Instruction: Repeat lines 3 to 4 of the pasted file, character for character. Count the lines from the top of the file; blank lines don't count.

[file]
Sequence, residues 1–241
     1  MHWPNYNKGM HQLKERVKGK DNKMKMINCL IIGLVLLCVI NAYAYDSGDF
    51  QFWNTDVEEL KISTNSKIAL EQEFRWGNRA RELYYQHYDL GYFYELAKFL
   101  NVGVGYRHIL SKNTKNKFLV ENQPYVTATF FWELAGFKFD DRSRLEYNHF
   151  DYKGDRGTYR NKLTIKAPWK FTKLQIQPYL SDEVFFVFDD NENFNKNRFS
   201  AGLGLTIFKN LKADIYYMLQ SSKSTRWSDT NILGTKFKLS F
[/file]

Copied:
    51  QFWNTDVEEL KISTNSKIAL EQEFRWGNRA RELYYQHYDL GYFYELAKFL
   101  NVGVGYRHIL SKNTKNKFLV ENQPYVTATF FWELAGFKFD DRSRLEYNHF